Cabernet Sauvignon

Cabernet Sauvignon is one of the world’s most widely recognized red wine grape varieties. It is grown in nearly every major wine producing country among a diverse spectrum of climates from Canada’s Okanagan Valley to Lebanon’s Beqaa Valley. Cabernet Sauvignon became internationally recognized through its prominence in Bordeaux wines where it is often blended with Merlot and Cabernet franc. From France, the grape spread across Europe and to the New World where it found new homes in places like California’s Napa Valley, Australia’s Coonawarra region and Chile’s Maipo Valley. For most of the 20th century, it was the world’s most widely planted premium red wine grape until it was surpassed by Merlot in the 1990s.

Chambourcin

Chambourcin is a French-American interspecific hybrid grape variety used for making wine.

Its parentage is uncertain. The hybrid was produced by Joannes Seyve who often used Seibel hybrids produced in the 1860s. The grape has only been available since 1963. Chambourcin has a good resistance to fungal disease.

The grape produces a deep coloured wine with a full aromatic flavour, and no unpleasant hybrid flavours.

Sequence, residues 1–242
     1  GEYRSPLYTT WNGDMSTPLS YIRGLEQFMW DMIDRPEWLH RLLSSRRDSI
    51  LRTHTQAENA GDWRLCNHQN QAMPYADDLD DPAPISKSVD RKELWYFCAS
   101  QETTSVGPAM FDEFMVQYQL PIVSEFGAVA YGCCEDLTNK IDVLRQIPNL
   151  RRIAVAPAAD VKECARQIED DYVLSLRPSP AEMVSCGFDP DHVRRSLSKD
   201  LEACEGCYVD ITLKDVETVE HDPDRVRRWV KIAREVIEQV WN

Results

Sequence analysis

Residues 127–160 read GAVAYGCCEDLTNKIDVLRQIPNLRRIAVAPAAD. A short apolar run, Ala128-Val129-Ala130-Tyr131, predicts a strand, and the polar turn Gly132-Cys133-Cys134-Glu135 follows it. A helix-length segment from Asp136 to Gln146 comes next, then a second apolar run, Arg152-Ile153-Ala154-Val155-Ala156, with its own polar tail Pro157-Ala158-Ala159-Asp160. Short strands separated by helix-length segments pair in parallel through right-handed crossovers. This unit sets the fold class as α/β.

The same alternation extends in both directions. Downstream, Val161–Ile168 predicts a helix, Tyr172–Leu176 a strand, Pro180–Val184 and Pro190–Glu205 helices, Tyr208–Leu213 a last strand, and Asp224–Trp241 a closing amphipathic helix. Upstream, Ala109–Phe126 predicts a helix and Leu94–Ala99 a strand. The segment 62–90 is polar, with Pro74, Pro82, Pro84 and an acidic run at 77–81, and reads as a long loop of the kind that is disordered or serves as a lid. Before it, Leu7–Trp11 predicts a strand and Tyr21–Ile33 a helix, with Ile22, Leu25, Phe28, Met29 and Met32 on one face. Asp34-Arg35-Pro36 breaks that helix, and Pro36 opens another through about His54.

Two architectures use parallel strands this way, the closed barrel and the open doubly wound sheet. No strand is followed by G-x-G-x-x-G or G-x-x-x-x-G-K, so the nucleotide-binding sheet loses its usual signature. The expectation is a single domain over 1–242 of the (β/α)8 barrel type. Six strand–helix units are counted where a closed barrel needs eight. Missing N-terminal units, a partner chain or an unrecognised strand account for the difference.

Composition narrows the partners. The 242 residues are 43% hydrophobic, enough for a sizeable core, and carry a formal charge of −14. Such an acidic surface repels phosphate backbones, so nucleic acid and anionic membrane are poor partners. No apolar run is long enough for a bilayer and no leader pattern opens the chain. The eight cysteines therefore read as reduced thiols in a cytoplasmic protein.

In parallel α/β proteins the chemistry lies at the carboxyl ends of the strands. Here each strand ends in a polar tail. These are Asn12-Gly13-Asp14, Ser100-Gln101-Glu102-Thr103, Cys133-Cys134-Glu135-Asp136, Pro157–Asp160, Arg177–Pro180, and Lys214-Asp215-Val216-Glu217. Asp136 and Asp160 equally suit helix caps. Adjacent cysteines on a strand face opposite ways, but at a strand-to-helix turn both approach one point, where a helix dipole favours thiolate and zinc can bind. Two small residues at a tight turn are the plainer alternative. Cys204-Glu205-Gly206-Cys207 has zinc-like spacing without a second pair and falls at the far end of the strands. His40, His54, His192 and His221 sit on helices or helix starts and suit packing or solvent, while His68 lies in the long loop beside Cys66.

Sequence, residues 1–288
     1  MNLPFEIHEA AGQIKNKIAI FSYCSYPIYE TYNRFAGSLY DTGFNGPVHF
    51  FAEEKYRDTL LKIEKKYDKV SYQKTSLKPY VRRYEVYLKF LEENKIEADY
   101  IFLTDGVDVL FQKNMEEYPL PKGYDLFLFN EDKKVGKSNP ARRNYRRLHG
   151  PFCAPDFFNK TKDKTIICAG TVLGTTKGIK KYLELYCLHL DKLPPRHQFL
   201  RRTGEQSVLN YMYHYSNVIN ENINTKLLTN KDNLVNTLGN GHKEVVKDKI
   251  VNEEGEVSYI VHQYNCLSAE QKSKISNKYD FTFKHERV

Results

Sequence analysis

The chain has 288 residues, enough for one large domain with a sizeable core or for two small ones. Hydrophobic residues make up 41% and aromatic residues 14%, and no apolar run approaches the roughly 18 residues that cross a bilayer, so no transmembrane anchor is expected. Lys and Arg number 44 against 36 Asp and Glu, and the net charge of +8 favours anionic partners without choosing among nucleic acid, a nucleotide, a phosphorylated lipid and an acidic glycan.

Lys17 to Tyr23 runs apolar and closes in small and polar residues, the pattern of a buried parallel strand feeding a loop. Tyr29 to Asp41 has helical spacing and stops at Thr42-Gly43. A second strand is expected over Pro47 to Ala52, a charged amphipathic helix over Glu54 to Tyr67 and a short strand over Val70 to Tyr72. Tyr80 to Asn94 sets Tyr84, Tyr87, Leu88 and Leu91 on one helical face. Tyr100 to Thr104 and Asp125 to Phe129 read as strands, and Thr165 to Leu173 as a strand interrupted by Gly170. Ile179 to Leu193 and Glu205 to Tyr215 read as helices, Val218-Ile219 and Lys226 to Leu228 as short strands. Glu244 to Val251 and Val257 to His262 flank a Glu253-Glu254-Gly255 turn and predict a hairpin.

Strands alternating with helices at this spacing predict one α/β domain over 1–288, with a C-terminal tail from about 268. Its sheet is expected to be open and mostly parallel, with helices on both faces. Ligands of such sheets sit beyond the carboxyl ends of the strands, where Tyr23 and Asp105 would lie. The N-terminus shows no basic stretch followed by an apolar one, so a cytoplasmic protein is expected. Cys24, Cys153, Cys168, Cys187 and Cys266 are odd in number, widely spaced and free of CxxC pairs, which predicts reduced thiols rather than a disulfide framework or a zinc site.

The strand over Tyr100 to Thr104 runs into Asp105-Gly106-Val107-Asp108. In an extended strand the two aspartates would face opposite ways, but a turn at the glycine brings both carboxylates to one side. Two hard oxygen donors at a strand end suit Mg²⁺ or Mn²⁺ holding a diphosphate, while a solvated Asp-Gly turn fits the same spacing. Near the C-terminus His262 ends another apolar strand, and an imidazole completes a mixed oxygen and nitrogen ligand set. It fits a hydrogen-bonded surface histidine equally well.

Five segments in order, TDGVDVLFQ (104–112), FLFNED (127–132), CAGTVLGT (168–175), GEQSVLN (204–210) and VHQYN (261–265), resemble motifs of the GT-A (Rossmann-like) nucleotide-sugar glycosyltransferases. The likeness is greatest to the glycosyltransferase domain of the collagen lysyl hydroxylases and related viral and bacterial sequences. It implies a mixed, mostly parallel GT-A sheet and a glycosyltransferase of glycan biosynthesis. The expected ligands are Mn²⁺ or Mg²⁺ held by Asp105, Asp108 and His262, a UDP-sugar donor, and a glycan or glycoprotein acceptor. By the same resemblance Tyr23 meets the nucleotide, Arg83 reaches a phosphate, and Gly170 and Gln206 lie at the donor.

Chambourcin has also become a favorite of wine growers in the mid-Atlantic region of North America particularly in states like New Jersey, New York, and Pennsylvania. It is also grown in Ontario Canada, Wythe County, Virginia,Daviess County, Kentucky, Floyd County, Virginia, Greenbrier, Calhoun, Roane, and Mineral Counties in West Virginia, Allegan County, Michigan, Southern Illinois, the Yadkin Valley in North Carolina, Eastern Missouri,[1] the Hunter Valley and other warm, humid regions in Australia, and also in France, although it can not be sold as a quality wine in Europe.

In Australia, Chambourcin is often found in smaller wineries, especially on the South East Coast of New South Wales. The wine there has a deep purple colour and produces longer depth than most hybrids and leaves a full-bodied taste on the palate.

Chambourcin is one of the parents of the new disease resistant variety, Regent, which is increasing in popularity among German grape growers.

Gewürztraminer or Gewurztraminer